Isabella Gerasole had a childhood most of us could only dream about. The Communications freshman entered Northwestern this year with television appearances, awards and a published book under her belt. Her résumé sets her apart from many other high achievers on campus.
It all started when a neighbor approached 9-year-old Gerasole and her 7-year-old sister about filming cooking shows.
Their neighbor worked on documentary films, and she thought it would be a great idea to create a show about kids teaching other kids how to cook. The woman had good timing, Gerasole says. She and her sister had no objections.
“My sister was so cute. I was kind of cute. [The neighbor] got me right before I went into my supreme-awkward stage,” says Gerasole, an Evanston native.
The sisters’ love of food seems to run in the family. Their dad used to be a food reporter, and their grandparents own a restaurant in Pittsburgh called Girasole. The girls began filming webcasts online and called the website spatulatta.com.
Making the Big Time
One year later, in 2006, Gerasole’s dad entered the cooking webcasts into the running for a nomination for the James Beard Foundation awards, the highest honor for professionals in North America’s culinary world and one of the biggest gastronomic events of the year. The Gerasole sisters won the award for the “Webcast” category. That year marked the first time the James Beard Foundation gave recognition in that category.
Then, in 2007, Scholastic contacted the two Gerasoles about making a cookbook containing all the best recipes for kids. The Spatulatta Cookbook was geared toward promoting healthful child-friendly recipes, and the two sisters would take to trips to libraries and local Boys & Girls Clubs to promote wholesome food choices.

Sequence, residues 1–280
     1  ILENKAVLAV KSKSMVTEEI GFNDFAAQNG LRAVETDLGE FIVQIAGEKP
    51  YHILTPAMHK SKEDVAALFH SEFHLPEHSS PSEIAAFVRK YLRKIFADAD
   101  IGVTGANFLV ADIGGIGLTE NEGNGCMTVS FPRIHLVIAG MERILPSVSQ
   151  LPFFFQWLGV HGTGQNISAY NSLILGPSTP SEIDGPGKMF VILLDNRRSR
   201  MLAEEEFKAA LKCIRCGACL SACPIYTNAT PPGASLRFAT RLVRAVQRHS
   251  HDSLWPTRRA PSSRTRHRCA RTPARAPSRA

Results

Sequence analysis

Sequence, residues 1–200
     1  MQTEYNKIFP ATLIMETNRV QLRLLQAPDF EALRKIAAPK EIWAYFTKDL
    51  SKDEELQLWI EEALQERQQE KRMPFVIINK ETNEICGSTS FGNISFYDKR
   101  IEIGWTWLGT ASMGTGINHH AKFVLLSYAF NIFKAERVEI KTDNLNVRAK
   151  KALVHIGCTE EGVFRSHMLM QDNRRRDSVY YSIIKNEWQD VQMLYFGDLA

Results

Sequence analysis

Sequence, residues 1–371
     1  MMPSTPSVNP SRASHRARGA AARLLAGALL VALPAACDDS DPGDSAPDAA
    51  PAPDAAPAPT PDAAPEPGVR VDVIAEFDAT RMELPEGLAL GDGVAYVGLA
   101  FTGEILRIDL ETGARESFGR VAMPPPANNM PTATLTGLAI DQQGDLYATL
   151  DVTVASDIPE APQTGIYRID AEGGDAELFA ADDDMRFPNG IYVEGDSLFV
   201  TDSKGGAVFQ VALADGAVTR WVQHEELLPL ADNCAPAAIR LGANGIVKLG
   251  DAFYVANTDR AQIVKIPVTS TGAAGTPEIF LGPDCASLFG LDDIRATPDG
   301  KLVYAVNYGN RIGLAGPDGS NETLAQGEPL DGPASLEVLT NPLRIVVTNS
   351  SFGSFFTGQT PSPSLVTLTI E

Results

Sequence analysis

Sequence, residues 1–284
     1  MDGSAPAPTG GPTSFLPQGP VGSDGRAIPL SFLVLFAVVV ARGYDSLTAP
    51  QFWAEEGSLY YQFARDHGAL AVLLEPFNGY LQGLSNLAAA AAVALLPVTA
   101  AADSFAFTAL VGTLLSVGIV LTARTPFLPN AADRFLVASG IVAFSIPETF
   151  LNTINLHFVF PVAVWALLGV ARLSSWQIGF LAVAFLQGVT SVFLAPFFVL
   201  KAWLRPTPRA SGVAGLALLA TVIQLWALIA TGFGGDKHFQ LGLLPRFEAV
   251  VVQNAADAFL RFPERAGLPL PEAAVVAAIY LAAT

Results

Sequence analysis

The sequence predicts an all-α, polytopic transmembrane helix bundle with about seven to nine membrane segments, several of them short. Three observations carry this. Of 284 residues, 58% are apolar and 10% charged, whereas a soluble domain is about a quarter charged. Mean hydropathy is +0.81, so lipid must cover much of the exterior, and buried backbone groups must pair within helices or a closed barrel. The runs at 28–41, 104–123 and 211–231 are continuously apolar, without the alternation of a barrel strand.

Spatulatta’s success opened opportunities for Gerasole and her sister, as they began to appear on The Today Show, The Tonight Show with Jay Leno, The View and local television stations. American Girl magazine even ran a feature about the girls, and they made it into newspapers like USA Today and the Chicago Tribune.
“We woke up one morning and our dad had gone down to get the paper and he started screaming. We were like ’Oh my God, someone’s killing him!’” Gerasole says. “We were in the paper.”
Her parents still keep copies of the newspapers by the dozen today.
Not Just From a Box
All the attention didn’t really affect Gerasole’s social life at her small Catholic school. Some students were surprised to find out that one of their peers was semi-famous. But experience in the spotlight did motivate her to pursue a career in the arts, she says. She’s now a theatre major.
“That’s the time that solidified it, when I knew I wanted to be a performer,” Gerasole says.
The sisters decided to end Spatulatta last summer. Right now, Gerasole’s full schedule keeps her busy, so she hasn’t been logging much time in the kitchen. But she wants to get back in touch with her culinary side. Cooking offers a great chance to display love for others, she says.
Even though her Spatulatta days are over, Gerasole has good memories from creating the webcasts. She says she liked how Spatulatta let her meet children who were enthusiastic about food. The site also taught kids about the variety of possibilities for making it.
“The real great thing is talking to kids and seeing how excited they get about food,” Gerasole says. “Our producer always told us, ‘I want them to know that food doesn’t just come from a box.’ And that was our mission.”